That Evil Little Red Guy.
Writing a virtual machine is serious fun. But one thing that you probably shouldn't be doing is designing the virtual machine and the compiler at the same time. You ask why? Well, there is a very good reason why. If its a single person who is doing both the development (coding) and the design of a virtual machine, then that part of your brain which lets you write code (the same part that also lets you sit through CAT) is working along with the part that you are probably using when you are doing much more creative stuff, say, like writing blogs.
Now, whats the problem with more of your brain working at the same time? Well, ask any schizophernic and he will tell you. The reason that you shouldn't do both at the same time is because, when you are designing a virtual machine you are letting your creative side flow, and when its a compiler, its not as much a problem of design as it is a problem of assembly. And doing both requires exteremely different types of mind-sets.
When you are designing a compiler, its like you are building something out of lego-blocks. You have to nitpick it to perfection. Every component has to talk to ever other component properly. That means your interfaces and your data-structures that move from one component to the other must be clearly defined. It is in short a process of pain and paitence. But if you are out to write a compiler, don't fret, because the rewards are surely great. Write one compiler, and you will master almost all programming languages that are out there. When you see the syntax trees flowing, the scopes unfolding, and the recursion proceeding in a cyclic loop generating code, you will attain nirvana. Trust me on that.
And, now about that virtual machine. This is more like solving a challenging math problem. Its not as if you are writing a proof for publication, but just like solving a problem for fun. Its more of a creative endeavour. You have a billion options in design, each one with its own pros and cons. Each design decision affecting the way certain language constructs must be generated. This is not only serious creative thinking, but exteremly worthwhile exercise in critical thinking as well. And this spell should never be interrupted by the part of the brain that actually is incharge of the compiler. When both are working together, you get each part involved in a time-wasting dogfight and sometimes you may even be seen arguing with yourself, raising doubts about your sanity in the minds of others. And those are just the minor irritations.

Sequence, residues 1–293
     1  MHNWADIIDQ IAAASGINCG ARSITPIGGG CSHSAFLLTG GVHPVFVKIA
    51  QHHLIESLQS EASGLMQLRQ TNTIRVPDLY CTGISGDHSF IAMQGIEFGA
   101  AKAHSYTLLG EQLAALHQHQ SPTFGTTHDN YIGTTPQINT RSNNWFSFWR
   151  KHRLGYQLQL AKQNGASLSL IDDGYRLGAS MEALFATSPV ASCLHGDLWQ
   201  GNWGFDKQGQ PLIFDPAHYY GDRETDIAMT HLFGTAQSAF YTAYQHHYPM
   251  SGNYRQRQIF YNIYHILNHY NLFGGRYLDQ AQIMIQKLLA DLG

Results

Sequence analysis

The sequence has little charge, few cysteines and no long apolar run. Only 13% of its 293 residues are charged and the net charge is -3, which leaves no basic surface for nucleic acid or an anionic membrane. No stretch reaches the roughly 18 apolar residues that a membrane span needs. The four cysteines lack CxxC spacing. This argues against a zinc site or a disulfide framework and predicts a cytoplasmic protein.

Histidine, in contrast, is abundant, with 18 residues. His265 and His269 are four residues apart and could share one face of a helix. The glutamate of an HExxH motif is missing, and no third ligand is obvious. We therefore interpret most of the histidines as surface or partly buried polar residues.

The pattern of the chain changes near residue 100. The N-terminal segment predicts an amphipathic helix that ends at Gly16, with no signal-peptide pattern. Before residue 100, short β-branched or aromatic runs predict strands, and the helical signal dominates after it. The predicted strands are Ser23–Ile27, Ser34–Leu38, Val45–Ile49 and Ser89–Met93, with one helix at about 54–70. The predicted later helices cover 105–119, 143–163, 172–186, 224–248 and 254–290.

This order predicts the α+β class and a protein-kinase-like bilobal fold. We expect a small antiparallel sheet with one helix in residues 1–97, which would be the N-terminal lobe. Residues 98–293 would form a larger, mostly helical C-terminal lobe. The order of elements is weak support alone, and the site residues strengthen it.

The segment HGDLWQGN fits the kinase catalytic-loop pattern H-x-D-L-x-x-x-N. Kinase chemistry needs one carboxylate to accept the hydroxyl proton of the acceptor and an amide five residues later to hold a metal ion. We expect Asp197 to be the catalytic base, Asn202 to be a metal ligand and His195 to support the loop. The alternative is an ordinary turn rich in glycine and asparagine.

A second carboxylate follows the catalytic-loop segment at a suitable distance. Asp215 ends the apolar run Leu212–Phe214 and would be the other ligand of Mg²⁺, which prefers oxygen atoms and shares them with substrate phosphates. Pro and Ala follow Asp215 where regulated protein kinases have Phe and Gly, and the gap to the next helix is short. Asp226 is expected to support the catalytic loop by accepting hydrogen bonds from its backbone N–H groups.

The major ones, come up when the compiler brain comes to your vm brain and starts arguing about who should handle internal name-resolution or the fact that lexical scopes are handled by renaming rather than having a true runtime sphagetti stack. Or, since the vm tries to be elegeant and minimal, then you can't even have RTTI thats better than C++ inspite of the compiler actually compiling some breed of dynamically typed language. Its like in the movies, when there is an angel to your right and a crazy guy in a red drape on your left with a trident poking you.
The greatest mistake you could do while designing a virtual machine would be to let that evil little red guy win! So, if you are ever writing a virtual machine, don't let that evil little red guy win.